11 October 2023
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IMF publishes revised forecasts

By Daniel Richards

The IMF published its latest World Economic Outlook yesterday, with its revised global and regional forecasts. The global growth projection for 2023 was unchanged at 3.0%, but 2024 was revised down to 2.9%, from 3.0% previously, as the effect of outsized cumulative rate hikes start to take a more meaningful effect. The downgrade was driven by emerging market and developing economies being revised down from 4.1% to 4.0%, while advanced economies were unchanged at 1.4% next year. China’s growth forecast for next year has been revised down from 4.5% to 4.2%, while the US has been revised up from 1.0% to 1.5%. In terms of inflation, global price growth is projected to average 6.9% this year and 5.8% in 2024. With lower commodity prices expected to contribute to this, core inflation is projected to decline at a slower pace.

The IMF’s economic counsellor, Pierre-Olivier Gourinchas, told reporters at the launch event for the WEO yesterday that the Fund expected that the Bank of England would need to raise rates one more time, and to keep them elevated for a period as inflation has remained persistent despite a cooling growth outlook.

Egypt’s headline CPI inflation rose to a new record high of 38.0% y/y in September, up from the previous record of 37.4% recorded in August. The acceleration was driven by a 73.6% y/y rise in the cost of food and beverages, the largest component of the basket. On a monthly basis, headline inflation was up 2.0%, accelerating from 1.6% on the previous reading and reversing two months of disinflation. Some annualised pressures should soften as October 2022’s devaluation passes through the base, and government plans announced this week to reduce prices on seven key commodities by 15%-25% including the staple fava beans and rice will also help in the coming months. However, a potential further move lower by the EGP as pressures on the currency remain would keep inflation meaningful.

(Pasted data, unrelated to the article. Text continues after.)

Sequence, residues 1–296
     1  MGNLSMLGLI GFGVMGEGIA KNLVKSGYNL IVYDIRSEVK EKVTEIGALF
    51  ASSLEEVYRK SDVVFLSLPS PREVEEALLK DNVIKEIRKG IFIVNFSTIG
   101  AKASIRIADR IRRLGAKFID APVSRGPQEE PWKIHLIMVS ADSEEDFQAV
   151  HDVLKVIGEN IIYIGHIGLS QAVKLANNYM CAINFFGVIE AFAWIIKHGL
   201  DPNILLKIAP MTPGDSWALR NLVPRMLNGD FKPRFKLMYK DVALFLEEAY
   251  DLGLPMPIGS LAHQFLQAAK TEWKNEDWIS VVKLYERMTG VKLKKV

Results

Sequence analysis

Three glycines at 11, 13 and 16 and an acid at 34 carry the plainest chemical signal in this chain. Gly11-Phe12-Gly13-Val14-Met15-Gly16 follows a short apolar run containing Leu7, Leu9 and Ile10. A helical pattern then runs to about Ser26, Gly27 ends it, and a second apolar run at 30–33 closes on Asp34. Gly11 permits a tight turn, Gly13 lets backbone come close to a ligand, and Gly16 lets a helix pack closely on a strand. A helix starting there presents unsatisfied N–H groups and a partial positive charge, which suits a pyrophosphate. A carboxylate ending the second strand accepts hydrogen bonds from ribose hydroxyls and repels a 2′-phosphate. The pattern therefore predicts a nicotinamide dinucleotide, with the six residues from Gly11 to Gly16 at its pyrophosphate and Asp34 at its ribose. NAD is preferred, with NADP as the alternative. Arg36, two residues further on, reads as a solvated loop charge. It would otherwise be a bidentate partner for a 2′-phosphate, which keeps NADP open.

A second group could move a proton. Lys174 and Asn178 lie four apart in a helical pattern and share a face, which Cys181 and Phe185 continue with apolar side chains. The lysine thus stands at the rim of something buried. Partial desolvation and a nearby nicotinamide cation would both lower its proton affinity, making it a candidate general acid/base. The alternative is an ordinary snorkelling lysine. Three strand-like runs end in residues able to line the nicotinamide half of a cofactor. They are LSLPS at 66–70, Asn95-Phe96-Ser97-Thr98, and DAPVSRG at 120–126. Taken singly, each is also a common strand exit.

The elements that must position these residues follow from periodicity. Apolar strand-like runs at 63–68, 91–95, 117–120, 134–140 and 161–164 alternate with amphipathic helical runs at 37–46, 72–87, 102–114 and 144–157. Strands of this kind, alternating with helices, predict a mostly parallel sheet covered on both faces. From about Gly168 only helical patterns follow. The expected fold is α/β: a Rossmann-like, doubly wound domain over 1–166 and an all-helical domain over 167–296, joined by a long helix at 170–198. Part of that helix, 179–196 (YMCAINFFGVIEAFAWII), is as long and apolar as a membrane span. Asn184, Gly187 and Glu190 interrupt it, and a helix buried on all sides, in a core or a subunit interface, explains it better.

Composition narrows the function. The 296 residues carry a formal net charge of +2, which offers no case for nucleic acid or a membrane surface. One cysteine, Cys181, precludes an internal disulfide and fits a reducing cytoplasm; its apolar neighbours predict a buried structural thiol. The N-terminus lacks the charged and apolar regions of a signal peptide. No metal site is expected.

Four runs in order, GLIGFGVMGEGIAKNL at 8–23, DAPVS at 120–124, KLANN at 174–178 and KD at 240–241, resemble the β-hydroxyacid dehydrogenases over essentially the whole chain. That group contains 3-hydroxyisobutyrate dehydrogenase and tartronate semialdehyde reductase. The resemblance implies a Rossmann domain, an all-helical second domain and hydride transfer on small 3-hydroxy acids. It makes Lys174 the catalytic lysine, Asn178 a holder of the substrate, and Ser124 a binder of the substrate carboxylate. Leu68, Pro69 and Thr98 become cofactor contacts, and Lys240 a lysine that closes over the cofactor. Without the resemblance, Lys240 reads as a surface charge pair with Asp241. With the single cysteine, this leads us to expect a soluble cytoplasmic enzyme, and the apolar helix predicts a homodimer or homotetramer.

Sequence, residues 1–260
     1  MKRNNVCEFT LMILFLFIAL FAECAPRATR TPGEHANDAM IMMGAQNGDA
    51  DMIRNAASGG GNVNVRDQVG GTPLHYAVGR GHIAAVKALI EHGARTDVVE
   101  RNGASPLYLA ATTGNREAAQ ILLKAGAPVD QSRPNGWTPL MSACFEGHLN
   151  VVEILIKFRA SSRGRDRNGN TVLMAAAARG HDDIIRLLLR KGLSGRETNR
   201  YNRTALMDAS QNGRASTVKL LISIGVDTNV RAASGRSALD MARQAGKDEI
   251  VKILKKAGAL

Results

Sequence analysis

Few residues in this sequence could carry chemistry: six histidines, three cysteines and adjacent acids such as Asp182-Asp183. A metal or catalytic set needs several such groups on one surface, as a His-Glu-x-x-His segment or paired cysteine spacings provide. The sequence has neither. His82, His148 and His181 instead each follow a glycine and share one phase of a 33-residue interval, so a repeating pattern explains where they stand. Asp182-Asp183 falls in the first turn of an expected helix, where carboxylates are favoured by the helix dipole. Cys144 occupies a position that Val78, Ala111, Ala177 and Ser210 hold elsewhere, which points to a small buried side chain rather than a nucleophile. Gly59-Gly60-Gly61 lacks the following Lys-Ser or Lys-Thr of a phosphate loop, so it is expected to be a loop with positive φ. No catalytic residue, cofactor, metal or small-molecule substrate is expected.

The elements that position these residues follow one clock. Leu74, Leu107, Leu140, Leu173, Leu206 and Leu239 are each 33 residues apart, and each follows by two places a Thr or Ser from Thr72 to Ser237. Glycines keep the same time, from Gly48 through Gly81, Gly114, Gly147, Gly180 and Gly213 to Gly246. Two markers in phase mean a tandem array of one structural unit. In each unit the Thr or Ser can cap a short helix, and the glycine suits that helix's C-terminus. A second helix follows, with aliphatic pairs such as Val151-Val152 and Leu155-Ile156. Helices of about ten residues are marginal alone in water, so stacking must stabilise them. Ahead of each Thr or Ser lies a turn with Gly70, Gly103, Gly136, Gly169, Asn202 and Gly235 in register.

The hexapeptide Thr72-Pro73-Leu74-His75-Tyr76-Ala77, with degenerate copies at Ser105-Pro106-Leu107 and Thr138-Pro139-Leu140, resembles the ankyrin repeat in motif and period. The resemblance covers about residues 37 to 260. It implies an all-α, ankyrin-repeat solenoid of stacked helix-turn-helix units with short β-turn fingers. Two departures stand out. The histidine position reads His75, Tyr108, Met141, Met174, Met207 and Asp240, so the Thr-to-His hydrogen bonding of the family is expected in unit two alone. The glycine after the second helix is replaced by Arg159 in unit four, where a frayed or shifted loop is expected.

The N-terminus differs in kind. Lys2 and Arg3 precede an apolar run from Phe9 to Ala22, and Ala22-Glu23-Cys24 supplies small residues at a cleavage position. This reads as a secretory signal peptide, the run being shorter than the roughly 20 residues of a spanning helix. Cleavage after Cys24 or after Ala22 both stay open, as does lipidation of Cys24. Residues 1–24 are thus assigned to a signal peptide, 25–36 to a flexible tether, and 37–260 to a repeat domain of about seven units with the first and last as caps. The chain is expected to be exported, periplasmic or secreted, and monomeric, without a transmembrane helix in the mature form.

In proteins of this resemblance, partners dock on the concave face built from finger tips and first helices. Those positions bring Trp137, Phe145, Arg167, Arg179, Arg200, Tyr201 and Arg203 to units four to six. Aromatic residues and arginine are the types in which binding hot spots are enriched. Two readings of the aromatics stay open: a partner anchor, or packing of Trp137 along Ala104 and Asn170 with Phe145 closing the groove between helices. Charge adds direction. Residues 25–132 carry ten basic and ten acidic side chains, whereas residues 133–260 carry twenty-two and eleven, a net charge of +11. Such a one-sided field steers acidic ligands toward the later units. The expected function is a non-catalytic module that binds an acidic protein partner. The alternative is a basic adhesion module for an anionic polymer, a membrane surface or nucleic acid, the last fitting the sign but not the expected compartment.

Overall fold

Today’s Economic Data and Events

  • 10:00 Germany CPI inflation, September final, % y/y. Forecast: 4.5%
  • 11:00 Turkey current account balance, August. Forecast: USD -0.55bn

Fixed Income

  • US Treasury yields fell when cash trading resumed on Tuesday, on the back of dovish statements from several Fed officials. The 2yr yield declined 11bps to 4.97%, while the 10yr yield fell 15bps to 4.653%.
  • There were also declines in UK Gilt yields on the day. Yields on the 2yr Gilt fell by 4bps to 4.769%, while the 10yr yield declined 5bps to 4.423%.
  • In contrast, German Bund yields ticked higher with the 2yr yield rising 4bps to 3.061%.


  • The dollar fell against a basket of currencies on Tuesday. Both EURUSD and GBPUSD rose 0.4%, finishing the day at 1.0605 and 1.2287, respectively.
  • Commodity currencies also gained against the dollar. AUDUSD rose 0.3% to 0.6432, NZDUSD increased 0.4% to 0.6046 and USDCAD fell 0.05% to reach 1.3583.


  • Reports of potential China stimulus, and some dovish commentary from Fed officials, contributed to risk-on sentiment yesterday. While the Shanghai Composite dropped 0.7%, the Hang Seng added 0.8% and the Nikkei closed 2.4% higher.
  • There were similarly strong gains in Europe where the composite STOXX 600 ended the day 2.0% higher for its strongest day this year. The DAX and the CAC were both up 2.0% also, while the FTSE 100 added 1.8%.
  • In the US, gains were more muted with the Dow Jones, the S&P 500, and the NASDAQ gaining 0.4%, 0.5%, and 0.6% respectively.
  • Locally, the DFM dropped 0.1% and the ADX 0.2%.


  • Oil prices fell yesterday after the biggest rally of the year on Monday, as the currently limited impact of recent political tensions on the market became clearer. Brent futures dropped -0.6% to USD 87.7/b, while WTI fell 0.5% to USD 86.0/b.

Written By

Daniel Richards Senior Economist

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